For the Romans, entertaining guests in your home was the perfect opportunity to show off your intellect, wealth and status. The intricate mosaic on display at Winchester City Museum demonstrates not only this aspect of Roman life, but also the remarkable interconnection of Hampshire’s Roman and Celtic culture in the 4th century.
The mosaic, unearthed during the late 20th century excavations of Sparsholt Roman Villa, likely decorated the floor of the triclinium, or dining room. This was a fundamentally Roman interior design choice. However, the eight-pointed star occupying the central area of the mosaic is a Romano-Celtic motif, representing life surrounded by the ocean, heavens and earth. These cosmological elements are illustrated on the mosaic as a ring of waves (the ocean), a meandering swastika design (the heavens) and flowers in opposite corners (the earth). The geometric design is reminiscent of other mosaics found in the surrounding area, and therefore may have been produced by a local collective of workers located in Winchester, known then as Venta Belgarum. Some scholars have named this collective the Central Southern Group.
The cosmological and cross-cultural aspects of the mosaic would have provided the perfect backdrop for intellectual and philosophical debate, one of the primary features of Roman dinner party conversation. Meanwhile, the detailed pattern, constructed from thousands of tiny tiles called tesserae, would have illustrated the host’s wealth and status. Since more complex mosaics required more skilled artisans and more time to complete, the interior design of the triclinium was considered as much a part of the dining experience as the food itself.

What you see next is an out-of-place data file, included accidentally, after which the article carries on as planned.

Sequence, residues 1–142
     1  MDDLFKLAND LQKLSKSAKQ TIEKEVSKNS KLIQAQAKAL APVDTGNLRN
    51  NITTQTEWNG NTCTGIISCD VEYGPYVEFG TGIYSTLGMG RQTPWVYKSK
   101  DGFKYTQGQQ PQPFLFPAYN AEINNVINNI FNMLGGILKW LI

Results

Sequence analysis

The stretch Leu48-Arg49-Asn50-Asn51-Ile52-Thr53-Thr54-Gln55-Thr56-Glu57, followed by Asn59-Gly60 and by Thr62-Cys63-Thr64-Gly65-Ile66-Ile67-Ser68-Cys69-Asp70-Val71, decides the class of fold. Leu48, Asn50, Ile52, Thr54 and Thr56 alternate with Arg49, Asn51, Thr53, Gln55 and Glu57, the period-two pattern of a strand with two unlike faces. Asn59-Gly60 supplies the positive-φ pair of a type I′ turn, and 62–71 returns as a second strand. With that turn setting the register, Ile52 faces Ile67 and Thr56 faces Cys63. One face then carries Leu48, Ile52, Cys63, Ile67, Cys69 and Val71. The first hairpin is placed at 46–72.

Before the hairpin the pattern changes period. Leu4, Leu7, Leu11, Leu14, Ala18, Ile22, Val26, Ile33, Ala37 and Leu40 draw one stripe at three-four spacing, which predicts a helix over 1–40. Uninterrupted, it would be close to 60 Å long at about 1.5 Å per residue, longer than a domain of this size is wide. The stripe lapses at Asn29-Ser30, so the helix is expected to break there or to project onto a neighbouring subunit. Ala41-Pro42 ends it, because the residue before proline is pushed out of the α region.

One of the best literary examples of Romans showing off through interior design takes place in Petronius’ work of fiction, Satyricon. Set in a lavishly decorated dining room, the host Trimalchio is a caricature of a crude and obnoxiously wealthy Roman who hosts an extravagant dinner party to show off to his guests. These dinner parties often went on into the early hours of the morning, so the brazier which likely stood over the blackened tiles opposite the damaged portion of mosaic would have been a welcome addition.
Displayed near the mosaic is a fragment of a wall fresco depicting the likeness of a Roman woman, which decorated the same room. Unlike Ancient Greek women, Roman women were allowed to dine at such events:
‘...at a given signal all the slaves called “Fortunata” four times and more. So she came in with a high yellow waist-band on, which allowed a cherry-red bodice to appear under it, and twisted anklets, and white shoes embroidered with gold. She wiped her hands on a cloth which she had round her neck, took her place on the sofa, where Scintilla, Habinnas's wife, was lying, kissed her as she was clapping her hands, and said, “Is it really you, dear?”’
Petr. 67 (trans. Heseltine, M. and Heinemann, W., London, 1913).
The woman depicted on the fresco may well be the lady of the villa who, like Fortunata, enjoyed entertaining guests in her home. Since the remains of the building are no longer visible in-situ, Winchester City Museum is the only place where you can get a glimpse into the real life of this Roman woman, the walls she lived within and the floor she walked upon.
This article was written by Anna Pratley, Visitor Experience Assistant, Winchester City Museum.